Why Work in Uganda?

8 million people (21%) in Uganda don’t have access to safe water²

32 million people (80.9%) in Uganda don’t have access to adequate sanitation²

Over 5250 children die every year from inadequate water, sanitation and hygiene³

Uganda achieved political stability in 1986, and has experienced rapid economic growth in recent decades, with a large amount of the rural population migrating to areas around urban centres.  This large population movement has put pressure on the existing infrastructure, and the country's high population growth (3 times the global average) has further compounded the issue. The country remains poor, despite economic growth, and there is a real lack of adequate sanitation - many are forced to share overcrowded pit latrines or practice open defecation. 

Uganda has high rainfall and natural sources of freshwater, but surface water sources used by many people are highly contaminated due to poor drainage and little regulation of waste disposal. WASH solutions involve improving the water supply system infrastructure and vastly improving basic sanitation for millions.

² WHO/UNICEF JMP report 2015 (based on estimates on the use of water sources and sanitation facilities)
³ Global Health Observatory, 2012 (http://apps.who.int/gho/data/view.main.INADEQUATEWSHv)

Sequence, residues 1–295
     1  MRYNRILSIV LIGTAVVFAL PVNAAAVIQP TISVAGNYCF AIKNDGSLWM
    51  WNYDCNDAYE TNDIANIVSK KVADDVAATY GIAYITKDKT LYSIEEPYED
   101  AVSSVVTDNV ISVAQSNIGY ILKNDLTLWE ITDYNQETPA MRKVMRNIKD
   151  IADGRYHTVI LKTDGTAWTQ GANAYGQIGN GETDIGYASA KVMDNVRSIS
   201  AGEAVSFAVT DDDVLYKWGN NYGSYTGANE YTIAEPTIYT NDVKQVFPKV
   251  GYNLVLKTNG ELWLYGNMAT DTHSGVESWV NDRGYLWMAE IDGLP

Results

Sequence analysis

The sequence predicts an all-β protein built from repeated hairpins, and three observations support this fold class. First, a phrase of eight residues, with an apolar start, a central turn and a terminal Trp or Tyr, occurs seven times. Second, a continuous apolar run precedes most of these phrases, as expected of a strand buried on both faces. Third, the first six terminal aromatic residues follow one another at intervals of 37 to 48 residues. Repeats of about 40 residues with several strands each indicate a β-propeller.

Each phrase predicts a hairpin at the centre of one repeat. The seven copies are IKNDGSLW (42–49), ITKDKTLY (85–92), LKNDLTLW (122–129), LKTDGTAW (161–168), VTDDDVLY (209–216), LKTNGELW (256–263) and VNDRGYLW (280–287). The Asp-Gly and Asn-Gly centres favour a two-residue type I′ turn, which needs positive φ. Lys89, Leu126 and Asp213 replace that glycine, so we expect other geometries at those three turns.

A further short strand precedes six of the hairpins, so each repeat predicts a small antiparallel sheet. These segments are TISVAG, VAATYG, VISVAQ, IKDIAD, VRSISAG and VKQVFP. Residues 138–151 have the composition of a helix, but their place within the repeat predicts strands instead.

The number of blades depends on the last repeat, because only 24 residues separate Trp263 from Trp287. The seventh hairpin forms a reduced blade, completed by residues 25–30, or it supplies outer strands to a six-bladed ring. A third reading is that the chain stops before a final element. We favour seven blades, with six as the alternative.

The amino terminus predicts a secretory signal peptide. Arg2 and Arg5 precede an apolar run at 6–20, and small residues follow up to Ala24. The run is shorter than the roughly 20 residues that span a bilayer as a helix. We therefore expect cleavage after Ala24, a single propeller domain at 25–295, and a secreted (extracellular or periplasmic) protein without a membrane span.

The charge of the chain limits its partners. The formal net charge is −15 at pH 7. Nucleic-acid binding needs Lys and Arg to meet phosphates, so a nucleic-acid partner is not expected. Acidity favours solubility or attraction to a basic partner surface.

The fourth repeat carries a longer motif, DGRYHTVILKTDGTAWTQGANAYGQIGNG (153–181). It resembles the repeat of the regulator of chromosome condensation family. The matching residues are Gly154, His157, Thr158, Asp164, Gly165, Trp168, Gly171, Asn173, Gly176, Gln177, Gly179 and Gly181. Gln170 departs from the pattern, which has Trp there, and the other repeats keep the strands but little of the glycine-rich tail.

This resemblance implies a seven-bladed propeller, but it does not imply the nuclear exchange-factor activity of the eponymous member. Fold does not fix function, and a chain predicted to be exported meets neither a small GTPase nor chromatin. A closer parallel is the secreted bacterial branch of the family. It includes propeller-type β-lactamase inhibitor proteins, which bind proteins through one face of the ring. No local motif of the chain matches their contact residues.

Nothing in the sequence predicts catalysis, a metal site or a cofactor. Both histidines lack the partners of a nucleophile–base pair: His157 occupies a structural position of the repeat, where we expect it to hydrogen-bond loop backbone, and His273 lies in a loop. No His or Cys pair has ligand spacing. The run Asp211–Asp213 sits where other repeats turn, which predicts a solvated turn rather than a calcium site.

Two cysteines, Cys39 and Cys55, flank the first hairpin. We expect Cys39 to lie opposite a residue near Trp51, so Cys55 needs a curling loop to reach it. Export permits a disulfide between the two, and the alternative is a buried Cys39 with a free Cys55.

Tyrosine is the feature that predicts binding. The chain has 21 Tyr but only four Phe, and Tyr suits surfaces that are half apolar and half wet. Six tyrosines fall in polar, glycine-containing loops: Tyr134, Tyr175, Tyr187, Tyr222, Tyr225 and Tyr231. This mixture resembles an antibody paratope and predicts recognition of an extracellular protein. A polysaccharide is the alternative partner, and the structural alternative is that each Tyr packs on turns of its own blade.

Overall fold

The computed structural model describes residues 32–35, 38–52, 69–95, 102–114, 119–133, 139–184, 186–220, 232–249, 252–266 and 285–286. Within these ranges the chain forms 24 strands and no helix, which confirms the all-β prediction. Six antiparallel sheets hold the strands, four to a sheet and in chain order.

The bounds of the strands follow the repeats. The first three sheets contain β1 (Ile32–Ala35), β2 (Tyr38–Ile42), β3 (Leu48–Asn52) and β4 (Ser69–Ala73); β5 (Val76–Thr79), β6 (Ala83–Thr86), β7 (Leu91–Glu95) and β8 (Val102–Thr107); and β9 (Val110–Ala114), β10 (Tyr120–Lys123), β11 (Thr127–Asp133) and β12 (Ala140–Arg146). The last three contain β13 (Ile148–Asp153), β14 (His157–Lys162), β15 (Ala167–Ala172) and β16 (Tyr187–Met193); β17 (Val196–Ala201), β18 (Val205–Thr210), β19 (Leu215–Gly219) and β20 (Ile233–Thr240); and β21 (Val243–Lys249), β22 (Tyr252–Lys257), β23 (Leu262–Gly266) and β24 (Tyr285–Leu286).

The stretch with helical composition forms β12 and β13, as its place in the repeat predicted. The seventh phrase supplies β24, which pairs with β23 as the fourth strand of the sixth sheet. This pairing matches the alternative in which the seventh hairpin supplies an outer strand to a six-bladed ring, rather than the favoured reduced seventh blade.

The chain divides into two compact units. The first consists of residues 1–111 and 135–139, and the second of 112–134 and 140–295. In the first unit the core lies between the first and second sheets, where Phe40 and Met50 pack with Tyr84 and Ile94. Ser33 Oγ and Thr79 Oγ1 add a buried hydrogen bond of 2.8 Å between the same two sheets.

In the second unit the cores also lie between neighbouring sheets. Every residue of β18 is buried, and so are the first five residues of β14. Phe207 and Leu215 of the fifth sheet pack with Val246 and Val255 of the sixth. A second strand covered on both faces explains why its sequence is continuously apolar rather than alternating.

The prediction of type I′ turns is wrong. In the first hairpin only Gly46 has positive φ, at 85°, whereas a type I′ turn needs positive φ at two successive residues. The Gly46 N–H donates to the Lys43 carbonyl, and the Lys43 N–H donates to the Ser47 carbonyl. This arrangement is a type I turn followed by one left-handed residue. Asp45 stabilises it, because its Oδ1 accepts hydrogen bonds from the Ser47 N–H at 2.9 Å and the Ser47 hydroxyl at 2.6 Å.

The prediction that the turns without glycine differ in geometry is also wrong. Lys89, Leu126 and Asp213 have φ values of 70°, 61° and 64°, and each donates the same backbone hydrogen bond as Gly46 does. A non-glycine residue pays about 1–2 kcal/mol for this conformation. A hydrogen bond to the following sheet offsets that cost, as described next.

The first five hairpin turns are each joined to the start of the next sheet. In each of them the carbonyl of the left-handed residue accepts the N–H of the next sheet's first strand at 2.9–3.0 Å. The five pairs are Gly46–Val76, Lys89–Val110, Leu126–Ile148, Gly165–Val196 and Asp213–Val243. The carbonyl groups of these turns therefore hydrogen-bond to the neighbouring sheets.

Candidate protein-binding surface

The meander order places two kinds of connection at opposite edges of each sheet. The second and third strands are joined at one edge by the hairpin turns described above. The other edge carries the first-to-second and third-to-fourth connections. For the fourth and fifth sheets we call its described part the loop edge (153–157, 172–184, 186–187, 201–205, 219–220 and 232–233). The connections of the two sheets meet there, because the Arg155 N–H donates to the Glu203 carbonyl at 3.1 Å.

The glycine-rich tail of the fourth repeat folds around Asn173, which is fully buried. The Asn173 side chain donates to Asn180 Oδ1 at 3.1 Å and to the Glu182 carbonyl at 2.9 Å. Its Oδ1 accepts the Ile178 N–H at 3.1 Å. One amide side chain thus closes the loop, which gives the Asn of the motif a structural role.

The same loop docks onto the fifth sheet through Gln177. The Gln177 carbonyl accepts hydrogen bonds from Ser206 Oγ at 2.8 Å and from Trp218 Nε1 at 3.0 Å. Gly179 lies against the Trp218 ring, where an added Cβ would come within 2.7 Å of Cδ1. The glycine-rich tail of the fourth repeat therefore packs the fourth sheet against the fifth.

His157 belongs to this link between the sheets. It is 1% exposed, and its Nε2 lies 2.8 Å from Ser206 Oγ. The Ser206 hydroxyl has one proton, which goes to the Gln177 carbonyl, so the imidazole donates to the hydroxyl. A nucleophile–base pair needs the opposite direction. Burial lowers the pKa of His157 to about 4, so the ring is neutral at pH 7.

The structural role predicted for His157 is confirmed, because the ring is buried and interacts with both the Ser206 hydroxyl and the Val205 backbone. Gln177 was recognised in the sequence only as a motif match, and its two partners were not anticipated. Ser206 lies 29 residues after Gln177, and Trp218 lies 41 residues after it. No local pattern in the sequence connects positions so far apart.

What We Do in Uganda

We support rural marginalised village communities with access to clean safe water, improved sanitation and hygiene training in the districts of Wakiso, Mpigi and Kabale.

We implement a variety of solutions. We support the construction of community hand-dug shallow wells with handpumps, rainwater harvesting household storage jars for the vulnerable, and large rainwater harvesting tanks for schools. We also refurbish existing gravity fed water systems, which direct water downhill from an unpolluted source to tap-stands in a community, meaning water is easily accessible to all households, schools and a medical centre.

We tackle the sanitation crisis by constructing school gender sensitive latrine blocks with urinals for boys, and washrooms for girls, and separate toilets for the teachers.  We also construct household latrines for the vulnerable, and provide community hygiene training, such as how to build a tippy tap, hand-washing, and general household cleanliness.

In Uganda we have started to incorporate Menstrual Hygiene Management into our work with schools, which includes education and the provision of affordable sanitary pads, enabling girls to manage their menstrual cycle with dignity.

Explore our Ugandan projects on our Project Map

Uganda

Background Uganda

Capital: Kampala

Population: 38.8 Million¹

Area: 241,038km2 (similar size to the UK)

Other Main Cities: Jinja, Masaka, Mbale, Entebbe, Mbarara, Gulu.

HDI Index: 163/186¹ (Low Human Development)

Life expectancy at birth: 58.5 years¹

Under-five Mortality rate (per 1,000 live births): 66.1¹

Population living below income poverty line, PPP $1.25 a day (%): 37.8%¹

¹ UNDP 2015 HDR report (http://hdr.undp.org/en/countries/profiles/ZMB)